Since Reagan’s time, the balance between these constituencies, and the president’s own attitudes, have affected the approaches of different administrations toward Israel. Obviously, Israeli policies and circumstances in the region also affect the tone and substance of the relationship. The Bush 41 and Obama administrations bear many similarities: both presidents had a problem with Israeli settlement activities, both presidents tended to distrust their Israeli counterpart—Bush and Yitzhak Shamir, Obama and Netanyahu—and yet both presidents were responsive to Israel on security issues. Neither had a problem distancing from Israel and having public spats with his Israeli counterpart—though in Obama’s case while he criticized Israel early on its settlement activity, Netanyahu has vehemently challenged him on the Iran nuclear deal.
Bill Clinton and Bush 43 adopted a different approach. They instinctively felt it was a mistake to create a gap with Israel. Even when there were disagreements, they sought to keep them private and manage them. They each felt that as Israel’s one true friend in the world, we should not give succor to Israel’s enemies. To do so might erode Israel’s deterrent.
Moreover, neither thought that distancing from Israel would help us with the Arabs. They understood, correctly, that our key Arab friends focus first on their own survival. They may not be thrilled about our relationship with the Israelis, but their security is their priority and so long as Arab states see the U.S. as the ultimate guarantor of their security, they will not make their relationship with us dependent on the scope of our cooperation with Israel.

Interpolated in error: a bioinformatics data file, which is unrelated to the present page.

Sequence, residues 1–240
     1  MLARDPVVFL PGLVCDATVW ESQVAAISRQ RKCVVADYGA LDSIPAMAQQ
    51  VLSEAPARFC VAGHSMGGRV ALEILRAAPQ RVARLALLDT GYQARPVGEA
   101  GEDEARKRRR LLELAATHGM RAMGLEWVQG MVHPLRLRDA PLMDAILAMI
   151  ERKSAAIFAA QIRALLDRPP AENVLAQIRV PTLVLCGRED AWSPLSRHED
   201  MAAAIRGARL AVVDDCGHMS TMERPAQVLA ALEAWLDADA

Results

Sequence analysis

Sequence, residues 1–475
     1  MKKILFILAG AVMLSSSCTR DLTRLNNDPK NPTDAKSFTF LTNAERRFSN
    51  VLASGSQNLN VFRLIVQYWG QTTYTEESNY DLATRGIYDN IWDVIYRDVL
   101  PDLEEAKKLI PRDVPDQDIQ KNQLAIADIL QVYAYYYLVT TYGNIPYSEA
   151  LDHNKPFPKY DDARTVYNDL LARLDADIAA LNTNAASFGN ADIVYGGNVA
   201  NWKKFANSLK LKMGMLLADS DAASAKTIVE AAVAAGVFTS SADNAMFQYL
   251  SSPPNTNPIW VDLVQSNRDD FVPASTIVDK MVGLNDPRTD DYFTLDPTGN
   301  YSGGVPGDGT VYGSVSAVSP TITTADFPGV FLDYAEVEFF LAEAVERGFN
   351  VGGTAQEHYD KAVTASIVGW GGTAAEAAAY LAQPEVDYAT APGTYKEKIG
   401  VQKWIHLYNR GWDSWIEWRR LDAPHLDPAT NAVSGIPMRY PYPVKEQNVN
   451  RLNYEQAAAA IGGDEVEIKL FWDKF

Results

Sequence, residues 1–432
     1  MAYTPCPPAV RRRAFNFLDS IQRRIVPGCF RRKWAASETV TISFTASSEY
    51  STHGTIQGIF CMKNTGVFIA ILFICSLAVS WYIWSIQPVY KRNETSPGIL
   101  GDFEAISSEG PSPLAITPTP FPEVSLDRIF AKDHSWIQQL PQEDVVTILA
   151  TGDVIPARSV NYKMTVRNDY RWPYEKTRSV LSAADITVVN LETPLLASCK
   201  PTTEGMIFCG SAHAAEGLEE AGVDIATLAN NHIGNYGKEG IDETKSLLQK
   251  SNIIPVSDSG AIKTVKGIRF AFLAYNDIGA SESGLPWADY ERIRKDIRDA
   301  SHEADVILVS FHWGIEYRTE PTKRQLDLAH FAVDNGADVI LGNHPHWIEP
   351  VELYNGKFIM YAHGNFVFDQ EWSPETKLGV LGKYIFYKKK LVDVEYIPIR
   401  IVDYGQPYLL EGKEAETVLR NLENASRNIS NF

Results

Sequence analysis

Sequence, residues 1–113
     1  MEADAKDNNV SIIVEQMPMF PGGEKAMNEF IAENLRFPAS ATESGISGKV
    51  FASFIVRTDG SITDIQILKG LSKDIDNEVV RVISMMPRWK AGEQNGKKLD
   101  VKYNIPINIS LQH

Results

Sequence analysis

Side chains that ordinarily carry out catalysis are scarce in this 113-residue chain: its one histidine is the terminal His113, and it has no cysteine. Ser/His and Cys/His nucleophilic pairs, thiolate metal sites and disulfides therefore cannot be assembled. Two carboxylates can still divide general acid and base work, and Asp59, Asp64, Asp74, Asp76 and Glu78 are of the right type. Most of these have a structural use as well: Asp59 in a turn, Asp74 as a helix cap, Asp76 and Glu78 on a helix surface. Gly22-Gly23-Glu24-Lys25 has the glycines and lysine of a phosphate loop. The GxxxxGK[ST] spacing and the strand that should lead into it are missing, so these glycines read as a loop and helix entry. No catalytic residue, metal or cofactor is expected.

That is why Kennedy’s breaking the taboo on arms sales to Israel did not produce a reaction from the Arabs. Why Reagan’s establishing of strategic partnership with Israel did not affect our security relationships with key Arab states. And, indeed, why as our strategic partnership with Israel has deepened, so has our presence and security ties with the Gulf States.
We can expect this trend to continue, particularly at a time when Israel and key Arab states share threat perceptions about Iran and radical Islamists. Moreover, one other pattern is likely to repeat itself: after every president who distanced us from Israel, his successor has moved to remove the appearance of tension. Thus, whether President Obama’s successor is a Democrat or Republican, we will likely see him or her strike a different public posture toward Israel. And, no doubt, given the importance of the U.S. relationship to Israel, his or her Israeli counterpart will quickly reciprocate.
Ambassador Dennis Ross is the William Davidson Distinguished Fellow at The Washington Institute and author of Doomed to Succeed: The U.S.-Israel Relationship from Truman to Obama.